by Stephen Downes
Apr 28, 2015
The Specialist and the Map
x28’s new Blog,
People have this metaphor of the map to understand the brain, and so they think there are 'areas' that correspond with particular sorts of knowledge. I don't think this is the case. Oh, sure, there is modularity on some very broad strokes, but get any more granular and there is no sense to the concept of a 'map' of the brain at all. Melcher notwithstanding, I think the map analogy misleads more than it illuminates.
From EDUPUNK to ds106... 10Q: Jim Groom
Learning With Es,
Steve Wheeler gets Jim Groom to open up on the questions we all wonder about: what is Bava anyways? And what's up with the reverend? " It's a mishmash of edtech, 80s pop culture, animated GIFs, retro toys, ds106 art, and all things cinema. It's a "b blog" in that it pretends to nothing more than schlock, and it achieves its goal regularly." Good read; don't miss this interview.
Social Learning Cannot be a Bolt-On Strategy
ID, Other Reflections,
I quite like the diagram, and I also agree with this sentiment: " Social Learning and social business go hand in hand. To facilitate social learning, an organization has to become a social business first....A truly social business encapsulates the necessary preconditions for social learning -- transparent, supportive and collaborative." What we also find, I think, is that learning outside the enterprise starts off (and stays) social, because that's how society (if not enterprise) is organized.
BBC is giving away 1 million mini computers
Computing Education Blog,
The full title of this post is: "BBC is giving away 1 million mini computers so kids can learn to code: Prediction — little impact on broadening participation." Mark Guzdial continues: "Why are people so excited about handing out bare board computers to grade school children? Is this just white males emphasizing the attributes that attract them?" But, frankly, this doesn't seem to be the case here. According to the BBC release, "Make it Digital will capture the spirit of the BBC Micro, which helped Britain get to grips with the first wave of personal computers in the 1980s." It also includes a bevy of partnerships that make the program more than just a large tech giveaway. Oh, sure, it could still fail. But it's not an automatic failure, and the upside is considerable if it succeeds. More: Mashable.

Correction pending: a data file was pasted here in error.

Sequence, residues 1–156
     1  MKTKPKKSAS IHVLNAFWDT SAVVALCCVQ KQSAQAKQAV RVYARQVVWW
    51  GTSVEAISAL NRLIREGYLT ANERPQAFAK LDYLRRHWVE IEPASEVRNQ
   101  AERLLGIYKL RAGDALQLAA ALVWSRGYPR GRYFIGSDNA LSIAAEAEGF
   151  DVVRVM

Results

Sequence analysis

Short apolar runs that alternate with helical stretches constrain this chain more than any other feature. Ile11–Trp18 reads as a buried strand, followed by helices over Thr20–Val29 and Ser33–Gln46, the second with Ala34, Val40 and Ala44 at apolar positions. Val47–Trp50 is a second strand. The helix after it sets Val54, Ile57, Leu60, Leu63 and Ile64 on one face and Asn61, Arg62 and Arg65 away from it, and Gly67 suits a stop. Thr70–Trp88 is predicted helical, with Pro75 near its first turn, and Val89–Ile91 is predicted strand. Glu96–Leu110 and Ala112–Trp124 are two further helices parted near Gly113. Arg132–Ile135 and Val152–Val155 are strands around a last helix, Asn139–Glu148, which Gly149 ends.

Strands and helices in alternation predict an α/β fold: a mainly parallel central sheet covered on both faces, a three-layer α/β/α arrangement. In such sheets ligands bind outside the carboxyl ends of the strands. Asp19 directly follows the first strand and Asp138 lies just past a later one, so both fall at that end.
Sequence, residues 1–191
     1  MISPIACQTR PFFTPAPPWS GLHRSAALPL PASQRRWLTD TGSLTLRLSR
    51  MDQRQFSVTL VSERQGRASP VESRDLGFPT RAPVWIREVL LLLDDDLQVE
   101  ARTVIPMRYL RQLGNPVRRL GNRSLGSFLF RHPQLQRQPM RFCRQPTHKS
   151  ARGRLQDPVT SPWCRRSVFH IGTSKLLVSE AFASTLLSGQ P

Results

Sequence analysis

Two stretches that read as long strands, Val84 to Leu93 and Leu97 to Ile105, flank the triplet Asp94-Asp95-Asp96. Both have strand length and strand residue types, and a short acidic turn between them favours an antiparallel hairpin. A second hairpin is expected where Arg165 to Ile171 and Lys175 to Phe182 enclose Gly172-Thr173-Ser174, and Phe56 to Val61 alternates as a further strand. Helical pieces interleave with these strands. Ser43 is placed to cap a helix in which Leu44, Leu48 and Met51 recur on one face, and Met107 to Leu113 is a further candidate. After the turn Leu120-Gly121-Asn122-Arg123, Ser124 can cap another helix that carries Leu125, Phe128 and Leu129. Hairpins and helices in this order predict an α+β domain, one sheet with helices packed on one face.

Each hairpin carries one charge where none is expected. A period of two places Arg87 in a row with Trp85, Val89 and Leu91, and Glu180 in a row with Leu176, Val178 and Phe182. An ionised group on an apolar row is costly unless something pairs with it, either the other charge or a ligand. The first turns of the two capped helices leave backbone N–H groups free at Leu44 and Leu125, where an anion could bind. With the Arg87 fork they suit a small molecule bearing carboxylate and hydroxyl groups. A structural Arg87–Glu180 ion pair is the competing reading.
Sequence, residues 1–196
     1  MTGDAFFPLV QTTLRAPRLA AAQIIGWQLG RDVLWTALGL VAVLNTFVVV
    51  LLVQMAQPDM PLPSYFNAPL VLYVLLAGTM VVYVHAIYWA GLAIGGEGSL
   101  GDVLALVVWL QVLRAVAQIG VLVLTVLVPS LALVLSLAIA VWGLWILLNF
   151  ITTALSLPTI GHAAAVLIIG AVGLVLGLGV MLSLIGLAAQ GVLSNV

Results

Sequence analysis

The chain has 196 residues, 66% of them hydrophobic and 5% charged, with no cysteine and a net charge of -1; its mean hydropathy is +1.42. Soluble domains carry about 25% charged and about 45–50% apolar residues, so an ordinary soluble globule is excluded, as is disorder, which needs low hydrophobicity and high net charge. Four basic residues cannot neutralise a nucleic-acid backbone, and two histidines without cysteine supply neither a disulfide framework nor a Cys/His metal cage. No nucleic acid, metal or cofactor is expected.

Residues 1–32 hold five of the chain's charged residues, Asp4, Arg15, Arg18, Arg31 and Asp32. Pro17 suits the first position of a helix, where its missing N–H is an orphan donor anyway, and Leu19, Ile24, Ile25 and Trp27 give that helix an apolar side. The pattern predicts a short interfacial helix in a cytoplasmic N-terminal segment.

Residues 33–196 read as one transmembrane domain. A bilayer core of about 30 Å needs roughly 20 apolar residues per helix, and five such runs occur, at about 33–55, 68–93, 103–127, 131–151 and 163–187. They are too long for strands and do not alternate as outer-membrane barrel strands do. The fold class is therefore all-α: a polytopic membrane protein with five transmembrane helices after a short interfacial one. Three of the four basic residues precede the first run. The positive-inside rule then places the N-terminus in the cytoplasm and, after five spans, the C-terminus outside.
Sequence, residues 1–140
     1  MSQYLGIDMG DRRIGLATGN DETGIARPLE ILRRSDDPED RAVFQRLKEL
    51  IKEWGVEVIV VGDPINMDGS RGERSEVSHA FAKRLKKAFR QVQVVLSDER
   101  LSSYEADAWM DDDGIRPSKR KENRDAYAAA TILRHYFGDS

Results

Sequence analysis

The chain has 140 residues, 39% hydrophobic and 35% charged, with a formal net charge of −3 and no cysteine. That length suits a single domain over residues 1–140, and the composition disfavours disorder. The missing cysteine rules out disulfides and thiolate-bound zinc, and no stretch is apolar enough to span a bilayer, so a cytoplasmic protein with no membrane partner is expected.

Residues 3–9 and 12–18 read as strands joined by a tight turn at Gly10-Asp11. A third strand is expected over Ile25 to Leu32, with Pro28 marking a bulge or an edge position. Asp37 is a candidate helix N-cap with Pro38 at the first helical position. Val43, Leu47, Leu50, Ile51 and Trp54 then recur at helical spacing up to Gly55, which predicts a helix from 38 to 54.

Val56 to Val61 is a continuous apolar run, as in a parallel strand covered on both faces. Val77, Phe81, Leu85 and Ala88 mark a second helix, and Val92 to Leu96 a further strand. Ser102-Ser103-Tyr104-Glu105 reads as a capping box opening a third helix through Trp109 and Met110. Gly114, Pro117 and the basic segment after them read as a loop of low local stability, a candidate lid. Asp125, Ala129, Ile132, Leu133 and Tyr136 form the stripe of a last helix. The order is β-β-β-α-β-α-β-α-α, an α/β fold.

Saddest Tweets Ever
Chris Lott now blogs at http://fncll.org and this week writes of an exchange wherein Gardner Campbell throws water on the possibility that he and Bryan Alexander might every collaborate in some sort of 'literature happening'. Writes Lott, "I’m just too tired for all the oh-so-wonderful projects that are oh-so-meta." It's funny how perspectives vary. I consider the stuff that focuses on popular culture and literature to be 'meta', while the work that I do, at least, is very much down-to-earth and practical. Sure, I like fiction, sometimes, but not so much I'd want to offer a course on it. P.S. don't click the link if some language offends you (I don't know why some people write using obscenities - it's like they're dismissing half their audience as being of no value before they've even said a word).
Corinthian, Heald colleges shut down abruptly
As the headline says: "A chain of for-profit colleges, including the 150-year-old Heald College, abruptly shut down Sunday, leaving 16,000 mostly low-income students to seek an education somewhere else." That's the danger of running an education system like a business. Businesses fail. All the time. More: Inside Higher Ed, Chronicle, LA Times, Corinthian Press Release.
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